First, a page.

Wednesday, March 18, 2015

March is Mostly Mets Reading Month: 'Destiny of the Republic,' the heartbreaking story of President James Garfield

After a short break, we’re back at the bookshelf for another presidential reading adventure.

“Destiny of the Republic: A Tale of Madness, Medicine and the Murder of a President” by Candice Millard
Published in 2011

It’s a heartbreaking story.

President James Garfield was sort of the JFK of his time, a young war hero, brilliant and well-liked with younger children.

Author Candice Miller, who also has written “The River of Doubt” about Theodore Roosevelt’s near-fatal expedition, weaves the tale of Garfield’s humble beginnings and rise to presidency with the life of his eventual assassin, Charles J. Guiteau.

They intersect on July 2, 1881 in a Washington train station when Guiteau shoots the president from behind, just months into his term. Garfield died two months later.

The tragedy is that this wouldn’t happen today.

Guiteau suffered from severe mental illness and probably wouldn’t be walking the streets untreated today. Certainly his increasingly hostile letters to the White House demanding an office would today draw attention and a visit from the Secret Service.

I’d say that no one would be able to walk up to a president in a train station these days, but I never expected someone in 2014 would be able to stroll into the White House undetected, either.

It’s also likely that modern medicine would have saved the president, who, as Millard vividly tells us, was unfortunately subjected to less-than-stellar medical care and eventually died – painfully -- from infection and starvation. The bullet, it turned out, somehow missed his spine and vital organs. If left alone, he’d have been home in a matter of days and recover completely.

In one of Guiteau’s clearer moments during his farcical trial, he said that he merely shot the president, and that his doctors killed him.

Garfield today is remembered as a president with tremendous potential who served too briefly to make an impact. But his successor, New Yorker Chester Arthur, was able to use Garfield’s death and the hands of a deranged office-seeker to create the civil service system.

My son and I were able to visit Garfield’s magnificent tomb in Cleveland in 2008.  The 20th president rests in Lake View Cemetery on the city’s east side.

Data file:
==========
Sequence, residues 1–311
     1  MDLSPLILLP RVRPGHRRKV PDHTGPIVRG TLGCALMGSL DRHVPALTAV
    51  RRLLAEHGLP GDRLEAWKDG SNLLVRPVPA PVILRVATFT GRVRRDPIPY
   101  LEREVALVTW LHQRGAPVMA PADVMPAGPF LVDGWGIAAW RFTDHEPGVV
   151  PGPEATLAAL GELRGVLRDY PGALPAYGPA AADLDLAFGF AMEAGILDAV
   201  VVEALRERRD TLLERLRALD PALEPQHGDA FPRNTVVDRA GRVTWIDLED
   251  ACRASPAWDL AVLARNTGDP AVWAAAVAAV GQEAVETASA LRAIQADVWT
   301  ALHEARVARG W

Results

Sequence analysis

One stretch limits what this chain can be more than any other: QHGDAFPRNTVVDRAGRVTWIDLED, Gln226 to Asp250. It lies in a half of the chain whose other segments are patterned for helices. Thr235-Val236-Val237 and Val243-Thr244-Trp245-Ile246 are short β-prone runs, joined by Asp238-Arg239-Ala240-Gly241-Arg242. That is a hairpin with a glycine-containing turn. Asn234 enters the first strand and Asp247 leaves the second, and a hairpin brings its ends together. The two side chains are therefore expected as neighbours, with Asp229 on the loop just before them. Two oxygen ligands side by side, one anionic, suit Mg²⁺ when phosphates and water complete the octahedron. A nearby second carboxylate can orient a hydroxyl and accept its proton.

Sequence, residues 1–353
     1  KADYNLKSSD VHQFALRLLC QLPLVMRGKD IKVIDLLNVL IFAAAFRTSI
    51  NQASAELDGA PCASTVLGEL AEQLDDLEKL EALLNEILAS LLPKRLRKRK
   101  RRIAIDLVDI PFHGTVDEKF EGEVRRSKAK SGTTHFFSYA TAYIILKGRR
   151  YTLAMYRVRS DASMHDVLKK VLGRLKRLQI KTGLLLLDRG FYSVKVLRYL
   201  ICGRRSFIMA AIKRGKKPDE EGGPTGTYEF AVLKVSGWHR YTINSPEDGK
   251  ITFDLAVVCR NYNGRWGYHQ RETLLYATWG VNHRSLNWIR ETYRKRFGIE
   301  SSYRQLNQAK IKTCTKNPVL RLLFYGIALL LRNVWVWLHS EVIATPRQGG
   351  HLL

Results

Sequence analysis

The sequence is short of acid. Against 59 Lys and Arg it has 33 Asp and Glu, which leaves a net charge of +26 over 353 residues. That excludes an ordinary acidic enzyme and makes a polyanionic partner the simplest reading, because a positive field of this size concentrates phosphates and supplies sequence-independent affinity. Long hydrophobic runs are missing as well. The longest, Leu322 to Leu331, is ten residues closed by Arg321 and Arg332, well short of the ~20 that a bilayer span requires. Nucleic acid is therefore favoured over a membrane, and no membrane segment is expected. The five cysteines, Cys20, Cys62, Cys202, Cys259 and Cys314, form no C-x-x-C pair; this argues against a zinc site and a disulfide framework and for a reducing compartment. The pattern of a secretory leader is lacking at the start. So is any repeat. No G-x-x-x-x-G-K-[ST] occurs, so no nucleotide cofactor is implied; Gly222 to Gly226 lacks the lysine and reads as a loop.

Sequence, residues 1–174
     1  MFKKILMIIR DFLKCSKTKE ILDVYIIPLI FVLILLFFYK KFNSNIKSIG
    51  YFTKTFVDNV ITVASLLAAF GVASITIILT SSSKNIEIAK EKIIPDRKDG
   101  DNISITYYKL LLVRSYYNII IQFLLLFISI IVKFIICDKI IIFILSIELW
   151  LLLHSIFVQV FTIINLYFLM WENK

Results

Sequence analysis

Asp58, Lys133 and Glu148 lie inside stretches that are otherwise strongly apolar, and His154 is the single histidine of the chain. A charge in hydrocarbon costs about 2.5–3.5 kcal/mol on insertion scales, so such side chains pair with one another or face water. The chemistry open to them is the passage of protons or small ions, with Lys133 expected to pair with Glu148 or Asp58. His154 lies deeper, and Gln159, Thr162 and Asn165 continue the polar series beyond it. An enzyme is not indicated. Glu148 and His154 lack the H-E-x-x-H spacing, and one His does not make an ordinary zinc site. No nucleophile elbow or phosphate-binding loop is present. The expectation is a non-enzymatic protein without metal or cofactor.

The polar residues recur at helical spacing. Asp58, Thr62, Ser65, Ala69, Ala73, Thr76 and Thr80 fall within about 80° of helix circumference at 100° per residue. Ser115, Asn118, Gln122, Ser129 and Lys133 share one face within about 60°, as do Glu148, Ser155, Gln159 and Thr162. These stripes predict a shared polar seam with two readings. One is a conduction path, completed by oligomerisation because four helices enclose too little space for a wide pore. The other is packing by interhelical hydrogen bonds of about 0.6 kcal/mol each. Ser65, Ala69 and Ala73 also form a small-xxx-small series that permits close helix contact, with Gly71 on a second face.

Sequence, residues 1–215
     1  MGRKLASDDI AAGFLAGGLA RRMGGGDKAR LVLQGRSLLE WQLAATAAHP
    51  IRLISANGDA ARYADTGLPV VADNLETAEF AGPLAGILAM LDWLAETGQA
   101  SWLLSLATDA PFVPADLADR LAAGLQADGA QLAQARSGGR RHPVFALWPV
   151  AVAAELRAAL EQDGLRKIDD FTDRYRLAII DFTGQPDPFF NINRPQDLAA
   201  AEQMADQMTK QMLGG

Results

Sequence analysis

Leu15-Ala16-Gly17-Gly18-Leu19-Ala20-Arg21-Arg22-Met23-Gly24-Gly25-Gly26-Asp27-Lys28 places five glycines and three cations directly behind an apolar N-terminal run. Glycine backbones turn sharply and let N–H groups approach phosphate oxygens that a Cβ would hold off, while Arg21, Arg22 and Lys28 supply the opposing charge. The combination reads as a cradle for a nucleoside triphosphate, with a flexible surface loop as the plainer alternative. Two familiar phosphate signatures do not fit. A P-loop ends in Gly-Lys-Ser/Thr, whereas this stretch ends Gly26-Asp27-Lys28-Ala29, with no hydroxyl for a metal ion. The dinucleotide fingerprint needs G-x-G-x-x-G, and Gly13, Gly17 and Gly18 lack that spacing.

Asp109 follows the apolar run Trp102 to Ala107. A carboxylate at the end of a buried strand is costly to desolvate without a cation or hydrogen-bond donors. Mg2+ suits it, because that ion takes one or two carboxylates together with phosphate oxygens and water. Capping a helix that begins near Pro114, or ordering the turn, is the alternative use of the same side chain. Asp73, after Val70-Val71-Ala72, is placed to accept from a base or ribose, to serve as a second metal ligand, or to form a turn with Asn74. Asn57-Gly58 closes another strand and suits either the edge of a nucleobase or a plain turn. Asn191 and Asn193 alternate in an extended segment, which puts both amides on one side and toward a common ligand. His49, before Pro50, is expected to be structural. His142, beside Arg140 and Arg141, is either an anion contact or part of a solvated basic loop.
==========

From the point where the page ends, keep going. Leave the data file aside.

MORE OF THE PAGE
We arrived at the castle-like memorial about 4:02 — only to find it closed at 4 p.m. We ran up the stairs and found the door already locked, and were about to walk away when it slowly opened.

The caretaker said he was sorry, and that he had just closed. I asked if we could quickly pay our respects. He appreciated that we had come from far away, opened the door all the way and said, "Let me go and turn all the lights back on."

And once inside we saw a spectacular rotunda with a large white statue of Garfield, dramatically lit. The caretaker said the architect didn’t want the statue in there, thinking it was unnecessary, but was overruled by the committee overseeing the project.

He pointed out some of the features, then sent us to the circular stone staircase to the lower level.

And there, on simple stone pedestals, were the caskets of President Garfield and his wife, Lucretia as well as urns containing the cremains of their daughter and her husband.
I’ve been to a number of presidential grave sites, and in every other place the caskets are either buried or encased in a vault.
The caskets of Mrs. and President Garfield.
I didn’t want to impose any longer, so we rushed back upstairs and thanked the caretaker profusely.

But he said we weren’t done, and pointed to stairs leading up to an observation deck, where, he said, we’d have the best view of the Cleveland skyline in the city.

And he was correct.

Your reading list so far:

March 5: "Baseball Uniforms of the 20th Century" by Marc Okkenon
March 4: "Clemente! The Enduring Legacy" by Kal Wagenheim 
March 3: "Mets by the Numbers" by Jon Springer and Matthew Silverman
March 2: "Faith and Fear in Flushing" by Greg W. Prince


Dave J. said...

We've been there just after it closed, too. But too late to have the luck to be let back in. My son fiddled with the door until he thinks he set off an alarm. One of the most amazing cemeteries I have ever been in, and as a geocacher, I've been in quite a few.

Mets Guy in Michigan said...

Cool story, Dave! Apparently the tomb has community meeting rooms and all kinds of features that one might not expect.